They toured once, in 1991. During the same year, Gabriel and St John decided to leave the group to pursue solo musical interests and projects. Laird-Clowes ultimately decided that he would not go further under the Dream Academy name, and took some time off to travel to Asia and Africa. Shortly thereafter, he began to work with David Gilmour on lyrics for Pink Floyd's The Division Bell, before recording his solo album under the name Trashmonk. Lately, he has composed the music for and consulted on numerous film soundtracks (including Nick Broomfield's Battle For Haditha, Richard Curtis's About Time and Bernardo Bertolucci's The Dreamers). See http://www.nicklairdclowes.com/
All three members of the band remain active recording musicians, each with his or her own career. Kate St John performed with Van Morrison for many years and more recently has been musical director for Marianne Faithfull. Gabriel has also had numerous projects since called The Believers, The Excellent Staircase, Melt21, and The Daze. See http://gilbertgabrielmusic.com/
"Life In A Northern Town" formed the basis of a dance remix by Dario G entitled "Sunchyme", released in 1997 to commercial success in Europe and was also recorded by U.S. bands Sugarland and Little Big Town in 2010, for which it was nominated for a Grammy award.
|Year||Album details||Peak chart
|1985||The Dream Academy
|1990||A Different Kind of Weather
|"—" denotes releases that did not chart|
|2000||Best of the Dream Academy
|2014||The Morning Lasted All Day: A Retrospective
|Year||Single||Peak chart positions||Album|
|1985||"Life in a Northern Town"||15||9||7||2||7||The Dream Academy|
|"The Edge of Forever"||—||—||—||—||37|
|1986||"The Love Parade"||68||—||36||13||—|
|"Please, Please, Please, Let Me Get What I Want"||83||—||—||—||—||Ferris Bueller's Day Off (soundtrack)|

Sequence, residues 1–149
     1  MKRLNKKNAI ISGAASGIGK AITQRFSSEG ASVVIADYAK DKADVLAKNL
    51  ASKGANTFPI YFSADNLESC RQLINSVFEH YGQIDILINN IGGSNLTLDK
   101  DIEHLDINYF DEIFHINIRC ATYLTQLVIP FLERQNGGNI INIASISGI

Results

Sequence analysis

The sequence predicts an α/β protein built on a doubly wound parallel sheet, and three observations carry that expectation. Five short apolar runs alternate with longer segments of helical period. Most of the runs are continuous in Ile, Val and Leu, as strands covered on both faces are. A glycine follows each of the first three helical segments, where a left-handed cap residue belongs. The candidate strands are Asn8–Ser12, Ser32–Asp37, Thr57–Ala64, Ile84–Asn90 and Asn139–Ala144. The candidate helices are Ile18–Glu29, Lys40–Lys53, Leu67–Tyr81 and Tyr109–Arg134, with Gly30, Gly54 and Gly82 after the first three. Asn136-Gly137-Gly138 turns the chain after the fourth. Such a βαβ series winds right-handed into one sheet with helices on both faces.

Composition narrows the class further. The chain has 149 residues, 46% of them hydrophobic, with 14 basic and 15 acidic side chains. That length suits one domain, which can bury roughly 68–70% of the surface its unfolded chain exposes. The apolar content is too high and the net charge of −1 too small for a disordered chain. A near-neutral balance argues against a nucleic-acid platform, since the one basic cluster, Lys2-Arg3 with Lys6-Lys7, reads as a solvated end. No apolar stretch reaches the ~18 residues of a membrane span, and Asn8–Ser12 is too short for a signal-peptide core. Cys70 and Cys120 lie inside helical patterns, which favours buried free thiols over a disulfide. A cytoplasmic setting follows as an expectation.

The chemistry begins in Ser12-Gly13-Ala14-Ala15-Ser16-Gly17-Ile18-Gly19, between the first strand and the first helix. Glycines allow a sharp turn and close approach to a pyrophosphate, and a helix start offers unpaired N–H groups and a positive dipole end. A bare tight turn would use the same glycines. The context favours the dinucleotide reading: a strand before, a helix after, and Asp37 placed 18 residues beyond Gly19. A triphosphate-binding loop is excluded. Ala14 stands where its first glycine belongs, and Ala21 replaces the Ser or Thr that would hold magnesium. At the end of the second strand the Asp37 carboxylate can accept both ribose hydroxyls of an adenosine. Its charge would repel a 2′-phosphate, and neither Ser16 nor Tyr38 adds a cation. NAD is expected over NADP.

|"Indian Summer"||—||—||—||—||—||Remembrance Days|
|1987||'The Lesson of Love"||—||—||—||—||—|
|"Power to Believe"||—||—||—||—||—|
|"In the Heart"||—||—||—||—||—||Non-album song|
|1990||"Love"||—||—||—||—||—||A Different Kind of Weather|
|1991||"Angel of Mercy"||—||—||—||—||—|
|"—" denotes releases that did not chart|
- Dream pop
- List of dream pop artists
- List of folk rock artists
- List of new wave artists and bands
- List of performers on Top of the Pops
- Oboes in popular music
- "They were considered Folk but with New Wave/New Romantic leanings and a bit of synth-pop tossed in"
- "Biography by Jason Ankeny". Allmusic.com. Retrieved 10 January 2009.
- Roberts, David (2006). British Hit Singles & Albums (19th ed.). London: Guinness World Records Limited. p. 168. ISBN 1-904994-10-5.
- Apprentice to the stars. The Independent, 26 March 1999
- "Chart Stats – Dream Academy". chartstats.com. Archived from the original on 19 January 2013. Retrieved 14 August 2010.
- "The Dream Academy Album & Song Chart History: Billboard 200". Billboard. Retrieved 14 August 2010.
- Search for Irish peaks| The Irish Charts
- "The Dream Academy Album & Song Chart History: Hot 100". Billboard. Retrieved 14 August 2010.
- "The Dream Academy Album & Song Chart History: Adult Contemporary". Billboard. Retrieved 14 August 2010.
- "allmusic ((( The Dream Academy > Charts & Awards > Billboard Singles )))". Allmusic. Retrieved 14 August 2010.